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Rejects! The Cookbooks You Never Got Into

post #1 of 23
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What cookbooks were supposed to be hot and heavy but have left you cold and wanting?

I have recently purged my cookbook library of books whose spines had grown rigid with disuse. I hope these books will find better homes with more constant attention. I did not do this lightly. I gave these books twenty years to redeem themselves.

For me, the Silver Palate Cookbook and The Silver Palate Good Times cookbook were taking up valuable parking space on my shelves. I thought the layouts with the margins stuffed with additional information and the use of little known foodstuffs, like raspberry vinegar, were innovative and fun, but I have yet to retrace a recipe. As I flip through it now, it reminds me of those 80’s movies you had to see when they first came out, but skip them when they appear on cable.

My copy of Martha Stewart’s Quick Cook, circa 1983 is buckled and warped, it seems to have been steamed in a busy kitchen. Mind you, I love the current series of recipes in her magazine, but at this point in her career, there is so much unnecessary in these recipes, it heaves and strives awkwardly. I did not reach for this aid, after a full day of work, and even now, the pictures that I thought so beautiful then, barely give my longing eyes a moment’s respite. The golden girl had yet to achieve her elegant aura.

Wolfgang Puck’s Modern French Cooking for an American Kitchen has a constant backbeat, and that is of cream. Cream clots recipe after recipe, you would think that he was a big noise from Winnetka on the American Dairy board. When I bought this book, right after Puck had made a big splash with the restaurant Ma Maison and the daring new cooking trend, nouvelle cuisine, I had expected lighter more vibrant sauces and flavors, not ones murky with cream. Don’t get me wrong I happen to love cream. I used it often during my brief stint on the Atkins diet. Maybe that was the craze, Puck was meant to presage.

What noted books do you dare call awful?
post #2 of 23
I would never be inclined to purge Yvonne. Those cook books from the 70s that got all folksy, with men walking in shady glades with their beloveds, eating the latest pate from the folkiest possible wood slab. Their hipsters revealing their well developed love handles while the poor buggers tried to hold their stomachs in. It was tragic. But a lot of the recipes are jolly good. As for fashions? Well... best not to paricipate unless you are an anorexic 80 pounder. I will never part from a book, unless I consider it unbecoming to decency.
post #3 of 23
Oops and sorry, I was thinking more the pathetic than the strongly objectionable. In this matter I have to say Marie St Clair gives me the pip. It is more sneaky photography than anything. Nothing new, or even interesting.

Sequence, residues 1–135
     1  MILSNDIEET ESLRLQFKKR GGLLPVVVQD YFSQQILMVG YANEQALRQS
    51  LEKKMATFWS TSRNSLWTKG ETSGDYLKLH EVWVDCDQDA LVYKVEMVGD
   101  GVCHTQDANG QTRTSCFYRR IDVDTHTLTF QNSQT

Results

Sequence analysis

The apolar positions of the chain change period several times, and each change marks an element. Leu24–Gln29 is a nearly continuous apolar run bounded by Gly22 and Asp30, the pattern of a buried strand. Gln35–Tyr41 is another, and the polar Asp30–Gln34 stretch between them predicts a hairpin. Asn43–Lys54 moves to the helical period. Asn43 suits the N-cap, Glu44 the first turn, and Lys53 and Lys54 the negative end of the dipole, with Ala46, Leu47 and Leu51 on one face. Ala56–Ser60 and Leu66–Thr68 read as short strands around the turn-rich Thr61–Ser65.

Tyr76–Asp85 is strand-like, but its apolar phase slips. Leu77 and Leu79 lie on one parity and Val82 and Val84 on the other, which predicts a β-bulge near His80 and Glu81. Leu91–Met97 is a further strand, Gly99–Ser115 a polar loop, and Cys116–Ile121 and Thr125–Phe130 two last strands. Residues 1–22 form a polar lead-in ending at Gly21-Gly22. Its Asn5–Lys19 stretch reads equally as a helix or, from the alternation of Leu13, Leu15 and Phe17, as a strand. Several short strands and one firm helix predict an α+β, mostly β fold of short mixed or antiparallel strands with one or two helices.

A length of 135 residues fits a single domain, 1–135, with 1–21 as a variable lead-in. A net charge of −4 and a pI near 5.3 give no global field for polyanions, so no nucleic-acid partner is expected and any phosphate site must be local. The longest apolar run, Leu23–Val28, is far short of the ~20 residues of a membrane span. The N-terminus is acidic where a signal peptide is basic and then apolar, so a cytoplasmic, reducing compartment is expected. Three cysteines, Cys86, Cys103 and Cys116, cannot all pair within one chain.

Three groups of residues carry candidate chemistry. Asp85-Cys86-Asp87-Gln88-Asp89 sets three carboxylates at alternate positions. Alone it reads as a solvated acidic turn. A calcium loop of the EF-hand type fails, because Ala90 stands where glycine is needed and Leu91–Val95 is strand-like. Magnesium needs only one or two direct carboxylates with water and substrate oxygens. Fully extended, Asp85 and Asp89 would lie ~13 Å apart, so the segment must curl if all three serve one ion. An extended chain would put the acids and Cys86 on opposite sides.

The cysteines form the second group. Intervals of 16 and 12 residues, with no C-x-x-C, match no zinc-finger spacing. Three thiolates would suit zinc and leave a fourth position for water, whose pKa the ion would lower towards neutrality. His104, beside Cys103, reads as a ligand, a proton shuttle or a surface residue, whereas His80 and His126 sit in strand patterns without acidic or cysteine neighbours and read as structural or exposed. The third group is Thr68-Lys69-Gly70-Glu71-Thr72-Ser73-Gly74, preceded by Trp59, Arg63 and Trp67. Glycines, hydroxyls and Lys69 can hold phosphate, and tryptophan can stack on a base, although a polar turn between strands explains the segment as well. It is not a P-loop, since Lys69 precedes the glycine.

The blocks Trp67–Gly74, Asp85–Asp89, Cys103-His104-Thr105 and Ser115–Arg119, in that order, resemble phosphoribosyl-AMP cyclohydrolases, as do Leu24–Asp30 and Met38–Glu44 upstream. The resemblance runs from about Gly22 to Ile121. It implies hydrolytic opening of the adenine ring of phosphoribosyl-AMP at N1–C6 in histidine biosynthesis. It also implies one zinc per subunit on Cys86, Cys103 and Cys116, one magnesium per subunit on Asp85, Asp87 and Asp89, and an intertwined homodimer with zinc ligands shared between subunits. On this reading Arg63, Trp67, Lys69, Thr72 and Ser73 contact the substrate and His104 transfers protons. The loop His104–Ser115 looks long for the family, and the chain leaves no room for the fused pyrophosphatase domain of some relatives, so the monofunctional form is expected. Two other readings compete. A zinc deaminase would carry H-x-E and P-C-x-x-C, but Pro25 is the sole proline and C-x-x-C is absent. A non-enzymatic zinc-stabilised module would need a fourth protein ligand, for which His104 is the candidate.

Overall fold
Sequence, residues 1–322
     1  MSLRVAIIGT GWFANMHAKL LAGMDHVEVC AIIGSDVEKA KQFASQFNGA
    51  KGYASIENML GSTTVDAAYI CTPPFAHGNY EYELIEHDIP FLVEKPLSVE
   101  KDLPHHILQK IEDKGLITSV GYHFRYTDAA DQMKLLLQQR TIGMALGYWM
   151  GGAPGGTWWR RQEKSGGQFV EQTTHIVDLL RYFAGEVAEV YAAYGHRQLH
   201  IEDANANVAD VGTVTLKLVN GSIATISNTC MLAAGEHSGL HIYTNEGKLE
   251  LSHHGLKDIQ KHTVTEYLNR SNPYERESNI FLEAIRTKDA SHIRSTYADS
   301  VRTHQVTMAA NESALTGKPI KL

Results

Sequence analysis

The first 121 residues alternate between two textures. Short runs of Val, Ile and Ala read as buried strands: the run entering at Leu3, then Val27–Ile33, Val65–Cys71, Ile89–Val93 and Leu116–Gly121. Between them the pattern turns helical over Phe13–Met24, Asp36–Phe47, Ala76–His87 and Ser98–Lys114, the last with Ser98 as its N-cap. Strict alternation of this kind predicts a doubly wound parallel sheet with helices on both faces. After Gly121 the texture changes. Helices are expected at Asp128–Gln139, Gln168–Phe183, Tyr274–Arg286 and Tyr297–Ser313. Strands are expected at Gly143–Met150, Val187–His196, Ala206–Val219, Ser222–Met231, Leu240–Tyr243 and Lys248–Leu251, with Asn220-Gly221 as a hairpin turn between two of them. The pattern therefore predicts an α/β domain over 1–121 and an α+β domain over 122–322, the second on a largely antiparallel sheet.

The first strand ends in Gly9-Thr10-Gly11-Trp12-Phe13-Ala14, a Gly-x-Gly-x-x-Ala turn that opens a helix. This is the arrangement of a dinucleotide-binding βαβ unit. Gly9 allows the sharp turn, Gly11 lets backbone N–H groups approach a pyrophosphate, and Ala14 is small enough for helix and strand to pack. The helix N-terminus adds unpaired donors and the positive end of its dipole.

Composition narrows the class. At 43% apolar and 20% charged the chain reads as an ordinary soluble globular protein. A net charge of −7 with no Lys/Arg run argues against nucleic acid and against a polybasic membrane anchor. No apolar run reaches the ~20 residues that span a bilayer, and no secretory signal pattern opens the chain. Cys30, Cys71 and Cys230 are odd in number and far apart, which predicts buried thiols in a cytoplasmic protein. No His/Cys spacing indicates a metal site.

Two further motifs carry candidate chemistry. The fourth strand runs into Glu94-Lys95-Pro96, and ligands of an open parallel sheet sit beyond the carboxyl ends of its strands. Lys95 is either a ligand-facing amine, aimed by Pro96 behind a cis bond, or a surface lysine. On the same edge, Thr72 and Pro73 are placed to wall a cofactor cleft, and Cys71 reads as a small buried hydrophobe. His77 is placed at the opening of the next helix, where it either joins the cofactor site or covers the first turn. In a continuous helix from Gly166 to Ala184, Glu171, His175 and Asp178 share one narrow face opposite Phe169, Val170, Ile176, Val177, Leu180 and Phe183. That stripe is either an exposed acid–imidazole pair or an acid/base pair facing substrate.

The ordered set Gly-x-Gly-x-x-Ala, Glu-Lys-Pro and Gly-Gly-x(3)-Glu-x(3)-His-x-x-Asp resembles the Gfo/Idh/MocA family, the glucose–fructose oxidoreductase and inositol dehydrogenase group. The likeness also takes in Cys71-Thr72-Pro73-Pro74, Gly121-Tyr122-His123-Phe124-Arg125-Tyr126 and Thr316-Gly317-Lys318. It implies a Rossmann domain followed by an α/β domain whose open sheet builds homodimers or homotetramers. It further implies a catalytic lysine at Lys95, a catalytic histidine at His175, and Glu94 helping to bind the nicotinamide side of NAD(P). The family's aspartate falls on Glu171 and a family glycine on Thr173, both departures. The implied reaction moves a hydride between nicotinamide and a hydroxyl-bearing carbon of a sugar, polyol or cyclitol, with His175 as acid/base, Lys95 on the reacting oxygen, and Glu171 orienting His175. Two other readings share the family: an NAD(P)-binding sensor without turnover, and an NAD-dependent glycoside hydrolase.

And for those (Jamie Oliver included) think I am interested in double pages of (beautifully) photographed whole raw cabbages, or Jamie slouched against a wall, I have a warning. I can look at a recipe for 15 seconds, then I know it. Why buy a book of cabbages. I know what they look like. It is not 'arty' it is a swizz.

Clean your act up publishers, at the price of your books you owe us more than a printed fruit basket, I make them every day. I know it is geared by money, what isn't, but whose money is it? It's mine, and I will not pay for further nonsense.
post #4 of 23
The French Laundry and Bouchon. Read them each once, haven't picked them up in a long time since (years?). I guess they're not really bad books, but the rest of my collection is much more interesting.
post #5 of 23
I have many that I don't often use, but like Diane I would find it very hard to part with them. The only one I might consider 86'ng is my French Laundry. It is interesting but a little too anal for my taste (forgive the awful turn of a phrase)
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My latest musical venture!
http://myspace.com/nikandtheniceguys
 
Also
http://www.myspace.com/popshowband "I'm at the age when food has taken the place of sex in my life. In fact I've just had a mirror put over my kitchen table." Rodney Dangerfield RIP
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post #6 of 23
Interesting. I may be the only one who loves The French Laundry so far. I've only made a couple of the dishes but they came out with spectacular results yielding unusual combinations that are surprisingly pleasing to the palatte. I appreciate the precision that went into the making of this cookbook and it provides insight into the precision at which Keller runs his kitchens and why he has earned the respect he has in the industry.

As for pics, I personally have very few cookbooks with many photos but there is definitely an audience that prefers beautiful photographs be a prerequisite before they lay down money. Hence, a variety on the market to please everyone.

I don't know how many of you visit used book stores, but they're a great place to trade in those you don't want for some treasures that are often out of print and not readily available at your local chain.
post #7 of 23
I got rid of the two or three menu cookbooks I had. I just haven't found them to be very helpful.